There has been only limited exploration in this extensive tract and no wells have been drilled in it.

    The joint venture is planning to acquire 70 kilometres of 2D seismic data.

    Map of PEP 54867 (Manaia)
    PEP 54857 (Waru)

    New Zealand Oil & Gas 100%

    PEP 54857 was awarded in December 2012 in the New Zealand Government's Block Offer.
    It is off shore Taranaki's south coast covering around 525 square kilometres north of NZOG's Kakapo prospect in PEP 51311. No wells have been drilled in this permit. The block lies within the source kitchen for the Maui and Maari oil and gas fields.

    Work has begun to re-interpret extensive existing seismic data and design a 400 kilometre 2D seismic survey, which is scheduled to be shot within a two-year period.

    Map of PEP 54857 (Waru)
    PEP 52717 Clipper

    New Zealand Oil & Gas 50% (Operator), Beach Energy 50%

    The permit is off the Canterbury Coast. Today the Canterbury and Great South Basin system is the major focus for frontier conventional oil and gas exploration in New Zealand, with drilling in an adjacent permit scheduled for early next year.

    The former PEP 38259, containing the Barque prospect, was relinquished by New Zealand Oil & Gas and Beach in August 2012 ahead of a drilling commitment. In 2013 Beach was granted an extension to PEP 52717 that largely incorporates the Barque structure and a related lead, which is mapped to extend across the previous southern boundary of the permit. An area of low prospectivity in the northwest of the original permit was surrendered so as to approximately maintain the overall area of the permit.

    Extensive 2D seismic surveys were conducted in the Canterbury Basin in the 1970s and 1980s before the only existing well in the block, Clipper-1, was drilled by BP in 1984, recovering samples of hydrocarbon gas during wireline logging from a depth of over 4000m.

    The joint venture will acquire at least 600 square kilometres of 3D seismic by October 2014.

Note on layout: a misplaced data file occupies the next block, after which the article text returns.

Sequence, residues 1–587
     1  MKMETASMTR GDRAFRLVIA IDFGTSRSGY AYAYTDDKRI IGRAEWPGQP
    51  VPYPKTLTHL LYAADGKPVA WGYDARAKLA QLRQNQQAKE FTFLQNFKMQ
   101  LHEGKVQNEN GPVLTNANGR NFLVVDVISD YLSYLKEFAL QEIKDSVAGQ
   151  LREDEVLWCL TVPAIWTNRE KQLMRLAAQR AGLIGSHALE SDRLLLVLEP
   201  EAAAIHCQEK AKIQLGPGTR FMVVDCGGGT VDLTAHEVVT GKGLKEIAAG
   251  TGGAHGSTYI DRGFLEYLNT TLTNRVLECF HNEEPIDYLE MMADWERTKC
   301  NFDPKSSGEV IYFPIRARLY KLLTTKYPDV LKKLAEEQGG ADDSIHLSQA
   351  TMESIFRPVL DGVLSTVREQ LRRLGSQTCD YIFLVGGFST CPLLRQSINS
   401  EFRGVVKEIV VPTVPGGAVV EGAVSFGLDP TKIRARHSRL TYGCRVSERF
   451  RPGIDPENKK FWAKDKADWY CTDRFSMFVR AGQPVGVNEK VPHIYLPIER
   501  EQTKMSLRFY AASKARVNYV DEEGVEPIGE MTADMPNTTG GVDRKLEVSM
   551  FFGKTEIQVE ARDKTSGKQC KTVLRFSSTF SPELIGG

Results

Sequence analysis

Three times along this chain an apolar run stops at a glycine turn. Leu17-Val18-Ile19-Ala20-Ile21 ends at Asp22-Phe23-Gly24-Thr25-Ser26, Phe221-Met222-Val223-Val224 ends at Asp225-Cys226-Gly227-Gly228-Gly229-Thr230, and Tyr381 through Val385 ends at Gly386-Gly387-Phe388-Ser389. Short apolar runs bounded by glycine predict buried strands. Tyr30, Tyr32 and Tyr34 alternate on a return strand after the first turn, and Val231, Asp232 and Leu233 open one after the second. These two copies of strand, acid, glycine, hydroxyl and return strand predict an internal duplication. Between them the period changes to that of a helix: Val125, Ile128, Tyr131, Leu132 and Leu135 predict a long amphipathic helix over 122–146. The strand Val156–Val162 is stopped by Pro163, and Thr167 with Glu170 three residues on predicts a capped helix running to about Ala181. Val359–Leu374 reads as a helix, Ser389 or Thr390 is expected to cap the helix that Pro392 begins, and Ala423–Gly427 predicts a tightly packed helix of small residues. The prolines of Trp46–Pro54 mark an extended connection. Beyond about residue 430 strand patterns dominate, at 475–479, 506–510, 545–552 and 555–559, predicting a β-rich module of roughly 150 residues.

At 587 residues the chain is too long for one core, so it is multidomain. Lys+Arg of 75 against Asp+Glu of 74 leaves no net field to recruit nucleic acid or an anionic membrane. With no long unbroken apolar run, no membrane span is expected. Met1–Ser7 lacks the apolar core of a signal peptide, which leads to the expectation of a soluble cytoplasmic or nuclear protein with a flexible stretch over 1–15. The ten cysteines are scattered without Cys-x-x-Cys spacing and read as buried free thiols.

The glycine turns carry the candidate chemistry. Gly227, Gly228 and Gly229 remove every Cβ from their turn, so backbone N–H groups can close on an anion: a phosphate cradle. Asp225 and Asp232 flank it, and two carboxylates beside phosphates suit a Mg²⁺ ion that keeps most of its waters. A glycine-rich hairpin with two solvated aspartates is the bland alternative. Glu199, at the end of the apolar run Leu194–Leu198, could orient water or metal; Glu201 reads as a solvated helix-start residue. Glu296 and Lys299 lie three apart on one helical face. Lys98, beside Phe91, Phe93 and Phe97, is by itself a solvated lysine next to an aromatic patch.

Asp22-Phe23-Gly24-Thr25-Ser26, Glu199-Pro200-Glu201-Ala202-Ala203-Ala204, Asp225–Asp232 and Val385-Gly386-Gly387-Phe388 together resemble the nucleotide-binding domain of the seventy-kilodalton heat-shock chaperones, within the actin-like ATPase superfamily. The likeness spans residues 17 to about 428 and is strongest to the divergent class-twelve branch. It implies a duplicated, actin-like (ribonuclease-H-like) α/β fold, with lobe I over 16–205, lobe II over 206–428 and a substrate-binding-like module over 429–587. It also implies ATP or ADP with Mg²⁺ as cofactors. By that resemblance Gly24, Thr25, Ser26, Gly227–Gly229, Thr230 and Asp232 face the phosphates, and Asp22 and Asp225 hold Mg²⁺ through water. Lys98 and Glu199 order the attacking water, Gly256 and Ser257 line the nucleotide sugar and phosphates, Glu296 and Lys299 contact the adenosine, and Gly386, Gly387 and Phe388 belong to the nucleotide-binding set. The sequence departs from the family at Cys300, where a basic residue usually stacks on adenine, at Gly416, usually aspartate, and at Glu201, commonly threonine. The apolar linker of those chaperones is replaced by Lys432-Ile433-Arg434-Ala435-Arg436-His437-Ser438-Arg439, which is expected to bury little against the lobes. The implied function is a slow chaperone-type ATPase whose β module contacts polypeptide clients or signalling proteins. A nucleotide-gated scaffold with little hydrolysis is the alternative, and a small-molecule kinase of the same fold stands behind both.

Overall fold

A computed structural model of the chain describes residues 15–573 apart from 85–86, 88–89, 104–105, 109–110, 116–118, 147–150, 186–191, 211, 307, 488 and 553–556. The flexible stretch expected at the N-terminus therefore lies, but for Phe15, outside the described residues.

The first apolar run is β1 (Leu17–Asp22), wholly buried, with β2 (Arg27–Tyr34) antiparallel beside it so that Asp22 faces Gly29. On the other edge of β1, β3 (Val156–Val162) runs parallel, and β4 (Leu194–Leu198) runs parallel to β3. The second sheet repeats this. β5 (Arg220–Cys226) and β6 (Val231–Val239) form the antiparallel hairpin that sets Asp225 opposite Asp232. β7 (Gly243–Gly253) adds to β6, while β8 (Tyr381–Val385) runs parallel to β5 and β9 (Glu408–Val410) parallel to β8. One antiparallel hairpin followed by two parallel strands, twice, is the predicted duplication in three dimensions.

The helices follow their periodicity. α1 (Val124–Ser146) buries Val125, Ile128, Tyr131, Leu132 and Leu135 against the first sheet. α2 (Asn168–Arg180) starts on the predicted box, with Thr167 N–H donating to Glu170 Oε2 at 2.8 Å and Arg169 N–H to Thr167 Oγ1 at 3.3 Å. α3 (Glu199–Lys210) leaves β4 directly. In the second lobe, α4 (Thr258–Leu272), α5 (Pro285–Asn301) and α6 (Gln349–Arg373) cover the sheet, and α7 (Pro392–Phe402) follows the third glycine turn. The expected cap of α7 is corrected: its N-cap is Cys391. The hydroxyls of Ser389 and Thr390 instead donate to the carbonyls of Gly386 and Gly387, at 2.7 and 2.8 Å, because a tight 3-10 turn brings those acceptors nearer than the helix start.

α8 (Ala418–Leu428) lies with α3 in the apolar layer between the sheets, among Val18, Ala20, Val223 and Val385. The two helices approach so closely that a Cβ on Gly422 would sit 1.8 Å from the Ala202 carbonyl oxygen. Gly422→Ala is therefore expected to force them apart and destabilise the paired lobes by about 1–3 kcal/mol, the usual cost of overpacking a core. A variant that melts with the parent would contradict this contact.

Map of PEP 52717 (Clipper)
    PML 38146 (Kupe)

    New Zealand Oil & Gas 15%, Origin Energy 50% (Operator), Genesis 31%, Mitsui 4%

    This Petroleum Mining Licence permit includes the Kupe Central Field.

    The ongoing strong performance of the Kupe wells means the timetable for second stage development has been deferred for up to several years. While assessment of un-drilled prospects within the licence area continues, these future exploration targets are unlikely to be tested until second stage development begins.

    Map of PML 38146 (Kupe)

    PMP 38158 (Tui)

    New Zealand Oil & Gas 12.5%, AWE 42.5% (Operator), Mitsui 35%, Pan Pacific Petroleum 10%

    This Petroleum Mining Permit includes the producing Tui area oil fields.

    The Tui Joint Venture is evaluating the scope for further in-field and/or near-field drilling which might be undertaken when a suitable semi-submersible rig is available in New Zealand waters.

    Pan Pacific Petroleum NL, (PPP) is an ASX and NZX listed oil and gas exploration and production company participating in non-operated interests in New Zealand (including production from the Tui Area Fields), Australia, Vietnam and Timor Leste-Australia Joint Petroleum Development Area.

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    6 December 2013

    Tui JV partners complete purchase of additional Tui interest
    Pan Pacific Petroleum NL (NYSE:PPP), is pleased to announce that it has completed the purchase of an additional 5% interest in the Tui area oil project located offshore New Zealand in PMP 38158, from Mitsui E&P Australia Pty Limited.

    PPP purchased the additional interest in Tui for a consideration of USD2.143 million. The transfer of interest was approved by the New Zealand Minister of Energy and Resources and the effective date of the transaction is 1 October 2013.

    Tui has been a very successful project and PPP is extremely pleased to have secured an additional stake in Tui production and increased its exposure to the planned Pateke-4H appraisal/development well. PPP elected not to increase its existing 50% participation in the Oi exploration well which will be drilled following Pateke-4H; as part of the purchase agreement Mitsui's interest in Oi has been assigned to subsidiaries of AWE Limited and New Zealand Oil & Gas.

    The acquisition of an additional 5 % interest in PMP38158 followed by the two well drilling program which is expected to start in the early part of 2014 is very significant for PPP, particularly the drilling of the Oi prospect which PPP considers a very attractive opportunity.
    PPP's 50% participating interest in the Oi exploration well is subject to the Sole Risk provisions of the Tui Joint Venture Operating Agreement.

    These provide an option for restoration of PEP38158 equities subject to reimbursement of pro-rata costs and the payment of a buy back premium to PPP by the buy-back parties.

    The Joint Venture partners in PMP 38158 are:
    Pan Pacific Petroleum NL (via subsidiary) 15.0%
    AWE Limited (via subsidiaries) (Operator) 57.5%
    New Zealand Oil & Gas (via subsidiary) 27.5%

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    Tui Area Oil Fields

    PMP 38158, offshore Taranaki Basin

    PPP equity
    10% held through wholly owned subsidiary W M Petroleum Ltd

    AWE 42.5%